"Their eyes are open and moving about during the periods of wakefulness that alternate with periods of sleep; there may be spontaneous movements of the arms and legs, and at times these patients appear to smile, grimace, laugh, utter guttural sounds, groan and moan, and manifest other facial expressions and sounds that appear to reflect cognitive functions and emotions, especially in the eyes of the family."
Such patients can even squeeze a hand in response to a caress, Swedish Covenant Hospital in Chicago says in guidance posted on its Internet Web site.
"Sadly, these actions often appear meaningful to hopeful families but are all automatic reflexes -- not movements with a purpose," it reads.
"There are no confirmed reports of anyone fully recovering from a permanent vegetative state lasting more than three months."
This is because in such patients, the cerebral cortex has been destroyed, said Dr. Lawrence Schneiderman, a physician and bioethicist at the University of California, San Diego.
"Four to six minutes of anoxia, lack of oxygen, destroys that completely," Schneiderman wrote in comments posted on the Internet at http://seeingthedifference.berkeley.edu/schneiderman.html.
"The rest of your brain, particularly the brain stem, can survive for fifteen or twenty minutes without oxygen," added Schneiderman, who signed a friend of the court brief in July of last year supporting Michael Schiavo.
"What happens is that that part of the brain, the cerebral cortex, which is us, our personality, who we are, how we think -- our capacity to experience, see, hear, think, emote -- that may be permanently destroyed."
Experts say Terri Schiavo would experience no discomfort if allowed to die, as the part of her brain that experiences pain is unlikely to be functioning.
from the Washington Post---
The Bush administration and the current Congressional leadership like to wax eloquent about states' rights. But they dropped those principles in their rush to stampede over the Florida courts and Legislature. The new law doesn't miss a chance to trample on the state's autonomy and dignity. There are a variety of technical legal doctrines the federal courts use to show deference to state courts, like "abstention" and "exhaustion of remedies." The new law decrees that in Ms. Schiavo's case, these well-established doctrines simply will not apply.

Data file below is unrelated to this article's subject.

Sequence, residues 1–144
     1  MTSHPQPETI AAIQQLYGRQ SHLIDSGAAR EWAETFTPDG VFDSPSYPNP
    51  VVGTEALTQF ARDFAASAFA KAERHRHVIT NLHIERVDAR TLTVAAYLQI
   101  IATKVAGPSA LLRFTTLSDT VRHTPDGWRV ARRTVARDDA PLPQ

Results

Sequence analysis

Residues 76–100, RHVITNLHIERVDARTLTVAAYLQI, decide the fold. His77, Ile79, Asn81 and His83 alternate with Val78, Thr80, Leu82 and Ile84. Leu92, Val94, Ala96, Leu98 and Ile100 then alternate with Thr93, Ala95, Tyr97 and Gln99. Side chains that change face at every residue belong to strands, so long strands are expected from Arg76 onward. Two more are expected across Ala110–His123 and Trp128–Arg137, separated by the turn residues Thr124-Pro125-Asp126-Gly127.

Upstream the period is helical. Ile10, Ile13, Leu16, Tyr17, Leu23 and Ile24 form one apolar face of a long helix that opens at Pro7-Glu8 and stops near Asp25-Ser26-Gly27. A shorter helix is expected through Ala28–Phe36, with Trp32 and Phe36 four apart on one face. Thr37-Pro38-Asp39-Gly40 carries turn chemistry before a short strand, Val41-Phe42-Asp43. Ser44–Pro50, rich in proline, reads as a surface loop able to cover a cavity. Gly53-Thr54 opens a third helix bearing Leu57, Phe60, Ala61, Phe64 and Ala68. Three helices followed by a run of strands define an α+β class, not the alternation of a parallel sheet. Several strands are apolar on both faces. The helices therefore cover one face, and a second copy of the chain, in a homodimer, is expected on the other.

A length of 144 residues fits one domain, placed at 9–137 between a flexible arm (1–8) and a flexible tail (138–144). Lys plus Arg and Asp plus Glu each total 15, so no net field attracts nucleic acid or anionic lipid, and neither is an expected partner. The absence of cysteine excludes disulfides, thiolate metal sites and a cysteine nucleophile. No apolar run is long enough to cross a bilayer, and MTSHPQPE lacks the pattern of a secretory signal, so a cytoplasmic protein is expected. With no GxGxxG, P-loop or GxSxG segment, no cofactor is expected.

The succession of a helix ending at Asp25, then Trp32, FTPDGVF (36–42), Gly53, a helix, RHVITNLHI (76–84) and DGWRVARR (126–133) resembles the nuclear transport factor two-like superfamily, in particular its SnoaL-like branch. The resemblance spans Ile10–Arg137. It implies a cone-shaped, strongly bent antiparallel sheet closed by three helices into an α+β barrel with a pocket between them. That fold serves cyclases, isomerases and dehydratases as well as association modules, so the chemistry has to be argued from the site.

Republicans have traditionally championed respect for the delicate balance the founders created. But in the Schiavo case, and in the battle to stop the Democratic filibusters of judicial nominations, President Bush and his Congressional allies have begun to enunciate a new principle: the rules of government are worth respecting only if they produce the result we want. It may be a formula for short-term political success, but it is no way to preserve and protect a great republic.
Douglas W. Kmiec, a conservative law professor at Pepperdine University, said the legislation had left him anguished.
"I would be naturally inclined to Terri Schiavo's part in this enterprise," Professor Kmiec said. "This is, however, a benignly intended but tragically mistaken law. It contravenes almost every principle known to constitutional jurisprudence."
A Congressional call for a do-over by legislators unhappy with the result in a single case could, however, raise issues under the Constitution's equal protection clause.
"It is a basic principle of our legal system," said Laurence H. Tribe, a law professor at Harvard, "that no legislature may intervene in the most personal and intimate choices that individuals and families make except pursuant to neutral and general laws, laws that draw lines capable of justification in principled terms."
The lawsuit Ms. Schiavo's parents filed early yesterday made five arguments, and legal scholars said they found them largely unpersuasive.
Or William Saletan, Slate's Chief Political Correspondant:
...once people like you, me, and Tom DeLay start second-guessing the judges, doctors, and families who know a case firsthand, it never ends. The "culture of life" becomes a regime of ham-fisted political reinvestigation that does for ethics what medieval barbers did for health.
If Congress makes such decisions, here's the kind of judgment you'll get. At a press conference Saturday, one Republican congressman said his colleagues were intervening in the case "so that this young woman can continue to make her parents as happy as she has"—as though that were the purpose of her existence. DeLay accused Democrats of starving Schiavo to death. He called it "medical terrorism." One day DeLay said she'd die slowly of starvation; the next, he said Congress had to move fast because she'd die quickly of dehydration. Frist, who has asserted special credibility "as a physician," claimed that "neurologists who have examined her insist today that she is not in a persistent vegetative state"—neglecting to mention that neurologists who testified in court concluded the opposite. On the Senate floor, Frist claimed to have "been in a situation such as this many, many times," when in fact he had never made such an evaluation. On the basis of the family videos, he challenged the assessment made by doctors who had examined Schiavo in person.
...And here's the culture you'll get. Schiavo's parents have filed a motion to divorce her from her husband. Protesters at the hospice have suggested that the husband should be starved and the judge should be beaten.